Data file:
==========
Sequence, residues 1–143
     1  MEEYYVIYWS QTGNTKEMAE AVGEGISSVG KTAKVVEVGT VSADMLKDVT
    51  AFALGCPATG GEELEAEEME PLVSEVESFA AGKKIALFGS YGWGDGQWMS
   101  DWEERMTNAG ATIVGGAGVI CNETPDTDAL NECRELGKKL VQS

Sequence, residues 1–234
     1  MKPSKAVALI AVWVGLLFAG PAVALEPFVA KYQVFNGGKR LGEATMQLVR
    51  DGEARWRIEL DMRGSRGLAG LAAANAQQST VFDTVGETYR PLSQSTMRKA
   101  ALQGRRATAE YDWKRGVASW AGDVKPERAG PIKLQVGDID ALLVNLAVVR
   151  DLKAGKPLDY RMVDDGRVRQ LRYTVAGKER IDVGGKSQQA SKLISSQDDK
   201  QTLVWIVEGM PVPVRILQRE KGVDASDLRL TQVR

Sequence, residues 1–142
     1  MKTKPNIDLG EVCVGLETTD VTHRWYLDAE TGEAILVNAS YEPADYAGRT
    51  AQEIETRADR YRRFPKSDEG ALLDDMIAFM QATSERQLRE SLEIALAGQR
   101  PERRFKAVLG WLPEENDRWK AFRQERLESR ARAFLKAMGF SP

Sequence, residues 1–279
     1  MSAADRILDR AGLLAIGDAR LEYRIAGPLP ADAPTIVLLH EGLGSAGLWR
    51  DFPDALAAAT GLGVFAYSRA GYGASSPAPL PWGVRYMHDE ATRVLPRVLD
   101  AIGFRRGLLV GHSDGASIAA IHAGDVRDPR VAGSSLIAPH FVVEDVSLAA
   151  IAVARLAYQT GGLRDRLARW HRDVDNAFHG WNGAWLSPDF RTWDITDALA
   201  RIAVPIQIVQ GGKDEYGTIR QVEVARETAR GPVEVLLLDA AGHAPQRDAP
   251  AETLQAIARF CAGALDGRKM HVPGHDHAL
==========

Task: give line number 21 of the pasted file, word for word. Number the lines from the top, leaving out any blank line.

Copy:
   251  AETLQAIARF CAGALDGRKM HVPGHDHAL